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J Vasc Surg. 2015 Mar;61(3 Suppl):42S-53S. doi: 10.1016/j.jvs.2014.12.008. Epub 2015 Feb 23.

A systematic review for the screening for peripheral arterial disease in asymptomatic patients.

Author information

1
Knowledge and Evaluation Research Unit, Department of Medicine, Mayo Clinic, Rochester, Minn; Division of Preventive, Occupational and Aerospace Medicine, Mayo Clinic, Rochester, Minn.
2
Knowledge and Evaluation Research Unit, Department of Medicine, Mayo Clinic, Rochester, Minn; Division of General Internal Medicine, Harbor UCLA Medical Center, Torrance, Calif.
3
Division of Vascular Surgery, University of Oklahoma, Tulsa, Okla.
4
Minneapolis Heart Institute Foundation at Abbott Northwestern Hospital, Vascular and Endovascular Surgery, Minneapolis, Minn.
5
Knowledge and Evaluation Research Unit, Department of Medicine, Mayo Clinic, Rochester, Minn.
6
Knowledge and Evaluation Research Unit, Department of Medicine, Mayo Clinic, Rochester, Minn; Mayo Clinic Libraries, Mayo Clinic, Rochester, Minn.
7
Knowledge and Evaluation Research Unit, Department of Medicine, Mayo Clinic, Rochester, Minn; Division of Endocrinology and Diabetes, Mayo Clinic, Rochester, Minn.
8
Division of Vascular and Endovascular Surgery, University of California San Francisco, San Francisco, Calif.
9
Knowledge and Evaluation Research Unit, Department of Medicine, Mayo Clinic, Rochester, Minn; Division of Preventive, Occupational and Aerospace Medicine, Mayo Clinic, Rochester, Minn. Electronic address: murad.mohammad@mayo.edu.

Abstract

BACKGROUND:

Peripheral arterial disease (PAD) is common and associated with significant morbidity and mortality. PAD can be detected through a noninvasive measurement of the ankle-brachial index (ABI).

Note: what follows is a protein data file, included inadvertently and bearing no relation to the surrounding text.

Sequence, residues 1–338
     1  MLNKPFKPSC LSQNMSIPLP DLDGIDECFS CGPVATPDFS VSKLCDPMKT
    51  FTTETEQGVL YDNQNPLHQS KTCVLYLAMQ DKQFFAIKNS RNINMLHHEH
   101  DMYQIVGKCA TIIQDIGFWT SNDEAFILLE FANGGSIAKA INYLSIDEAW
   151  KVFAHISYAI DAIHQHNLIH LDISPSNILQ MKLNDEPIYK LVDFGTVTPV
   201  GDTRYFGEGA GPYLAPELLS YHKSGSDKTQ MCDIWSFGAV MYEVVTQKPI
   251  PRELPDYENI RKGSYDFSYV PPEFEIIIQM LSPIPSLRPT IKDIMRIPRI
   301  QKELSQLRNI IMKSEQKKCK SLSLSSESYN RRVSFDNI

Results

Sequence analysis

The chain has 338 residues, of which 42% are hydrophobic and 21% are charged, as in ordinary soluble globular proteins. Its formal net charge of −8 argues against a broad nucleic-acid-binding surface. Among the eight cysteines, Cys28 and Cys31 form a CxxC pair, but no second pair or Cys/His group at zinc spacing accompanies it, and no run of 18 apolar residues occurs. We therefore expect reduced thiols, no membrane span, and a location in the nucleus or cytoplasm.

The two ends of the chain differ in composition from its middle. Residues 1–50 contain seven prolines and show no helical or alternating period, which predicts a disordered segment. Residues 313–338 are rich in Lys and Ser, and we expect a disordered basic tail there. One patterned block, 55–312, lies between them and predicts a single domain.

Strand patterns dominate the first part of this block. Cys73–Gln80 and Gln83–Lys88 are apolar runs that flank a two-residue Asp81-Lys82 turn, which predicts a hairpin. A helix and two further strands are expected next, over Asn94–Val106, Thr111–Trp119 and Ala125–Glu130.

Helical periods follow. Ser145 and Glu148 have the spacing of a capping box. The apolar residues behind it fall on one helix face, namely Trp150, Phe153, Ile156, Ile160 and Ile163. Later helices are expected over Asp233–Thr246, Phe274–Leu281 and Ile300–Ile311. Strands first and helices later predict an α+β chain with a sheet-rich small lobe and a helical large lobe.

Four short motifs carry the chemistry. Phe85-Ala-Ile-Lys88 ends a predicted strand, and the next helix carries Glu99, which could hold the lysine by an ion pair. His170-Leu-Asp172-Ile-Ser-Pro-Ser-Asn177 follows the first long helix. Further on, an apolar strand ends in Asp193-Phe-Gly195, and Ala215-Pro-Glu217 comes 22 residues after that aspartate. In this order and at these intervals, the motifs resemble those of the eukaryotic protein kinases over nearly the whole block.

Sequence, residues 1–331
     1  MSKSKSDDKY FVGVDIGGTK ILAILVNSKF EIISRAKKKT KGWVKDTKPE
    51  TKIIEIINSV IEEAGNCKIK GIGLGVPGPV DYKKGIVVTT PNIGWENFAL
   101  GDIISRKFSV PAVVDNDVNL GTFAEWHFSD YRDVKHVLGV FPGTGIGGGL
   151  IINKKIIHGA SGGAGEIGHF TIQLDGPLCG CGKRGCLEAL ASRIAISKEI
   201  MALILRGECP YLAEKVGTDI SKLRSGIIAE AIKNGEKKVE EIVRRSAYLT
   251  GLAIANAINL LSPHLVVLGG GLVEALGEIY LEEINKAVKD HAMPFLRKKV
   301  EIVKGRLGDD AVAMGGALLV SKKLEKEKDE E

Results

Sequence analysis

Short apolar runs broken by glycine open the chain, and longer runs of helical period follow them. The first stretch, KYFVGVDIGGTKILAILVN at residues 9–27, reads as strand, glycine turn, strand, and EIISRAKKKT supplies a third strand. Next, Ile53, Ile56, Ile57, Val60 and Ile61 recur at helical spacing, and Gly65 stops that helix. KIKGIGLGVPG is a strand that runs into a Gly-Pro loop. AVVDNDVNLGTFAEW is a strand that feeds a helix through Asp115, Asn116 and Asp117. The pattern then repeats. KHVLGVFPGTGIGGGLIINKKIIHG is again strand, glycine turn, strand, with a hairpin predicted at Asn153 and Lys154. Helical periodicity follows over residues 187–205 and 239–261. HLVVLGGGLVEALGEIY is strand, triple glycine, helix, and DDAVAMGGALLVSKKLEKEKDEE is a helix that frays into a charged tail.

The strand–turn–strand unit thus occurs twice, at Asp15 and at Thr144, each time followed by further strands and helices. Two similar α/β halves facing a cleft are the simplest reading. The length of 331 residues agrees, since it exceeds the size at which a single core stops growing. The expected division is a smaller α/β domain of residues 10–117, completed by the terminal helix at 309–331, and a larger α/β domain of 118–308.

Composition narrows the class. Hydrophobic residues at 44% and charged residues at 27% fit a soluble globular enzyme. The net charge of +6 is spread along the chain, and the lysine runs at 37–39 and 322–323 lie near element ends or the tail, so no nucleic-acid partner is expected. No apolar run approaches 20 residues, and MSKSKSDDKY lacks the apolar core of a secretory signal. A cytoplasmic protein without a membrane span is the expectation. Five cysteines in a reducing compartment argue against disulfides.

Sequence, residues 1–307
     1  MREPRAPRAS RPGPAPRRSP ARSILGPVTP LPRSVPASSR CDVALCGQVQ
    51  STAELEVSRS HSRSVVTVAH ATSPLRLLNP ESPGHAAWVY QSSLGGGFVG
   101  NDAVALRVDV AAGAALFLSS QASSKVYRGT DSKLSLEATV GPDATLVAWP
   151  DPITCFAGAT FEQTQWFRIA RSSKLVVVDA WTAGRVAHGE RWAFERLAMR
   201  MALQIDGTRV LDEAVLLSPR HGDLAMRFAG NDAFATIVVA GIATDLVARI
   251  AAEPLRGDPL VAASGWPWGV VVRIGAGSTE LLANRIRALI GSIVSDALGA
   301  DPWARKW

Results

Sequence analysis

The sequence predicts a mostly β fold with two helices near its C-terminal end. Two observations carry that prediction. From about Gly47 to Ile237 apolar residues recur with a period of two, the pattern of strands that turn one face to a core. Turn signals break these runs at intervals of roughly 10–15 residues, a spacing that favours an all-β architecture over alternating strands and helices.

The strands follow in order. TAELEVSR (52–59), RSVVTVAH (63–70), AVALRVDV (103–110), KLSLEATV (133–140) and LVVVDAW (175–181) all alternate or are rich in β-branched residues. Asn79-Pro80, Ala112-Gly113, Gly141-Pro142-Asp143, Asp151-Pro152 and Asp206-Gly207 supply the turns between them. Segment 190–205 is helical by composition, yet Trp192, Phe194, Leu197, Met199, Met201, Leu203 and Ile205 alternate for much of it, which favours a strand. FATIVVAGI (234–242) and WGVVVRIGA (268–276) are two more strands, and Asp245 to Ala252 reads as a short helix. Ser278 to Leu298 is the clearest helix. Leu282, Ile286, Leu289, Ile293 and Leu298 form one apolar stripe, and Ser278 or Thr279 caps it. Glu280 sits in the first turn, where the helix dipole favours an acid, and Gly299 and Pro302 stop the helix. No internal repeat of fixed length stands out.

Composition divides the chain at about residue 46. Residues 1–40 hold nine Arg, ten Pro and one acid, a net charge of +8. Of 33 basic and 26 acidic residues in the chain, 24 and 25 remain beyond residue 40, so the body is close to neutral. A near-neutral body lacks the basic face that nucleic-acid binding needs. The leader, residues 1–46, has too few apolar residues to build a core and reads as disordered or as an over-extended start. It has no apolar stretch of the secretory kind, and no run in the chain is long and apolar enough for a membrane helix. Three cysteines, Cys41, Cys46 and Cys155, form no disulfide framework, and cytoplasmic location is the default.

METHODS:

We conducted a systematic review of several electronic bibliographic databases for studies that evaluated ABI as a screening test for PAD in asymptomatic individuals. We conducted random-effects meta-analysis, reporting pooled hazard ratios (HRs) when appropriate.

RESULTS:

We included 40 individual studies, 2 systematic reviews, and 1 individual-patient data meta-analysis. We found no studies comparing ABI screening with no screening in terms of patient-important outcomes (mortality, amputations). The yield of PAD screening averaged 17% (range, 1%-42%) and was 1% to 4% in lower risk populations. Patients with PAD had higher adjusted risk of all-cause mortality (HR, 2.99; 95% confidence interval, 2.16-4.12) and of cardiovascular mortality (HR, 2.35; 95% confidence interval, 1.91-2.89). Data on benefits, harms, and cost-effectiveness of screening were limited; however, ABI screening was associated with additional prognostic information and risk stratification for heart disease. The overall quality of evidence supporting screening was low.

CONCLUSIONS:

The current available evidence demonstrates that PAD is common in patients with multiple cardiovascular risk factors and is associated with significant morbidity and mortality, but it does not support the benefit of routine ABI screening.

PMID:
25721066
DOI:
10.1016/j.jvs.2014.12.008
[Indexed for MEDLINE]
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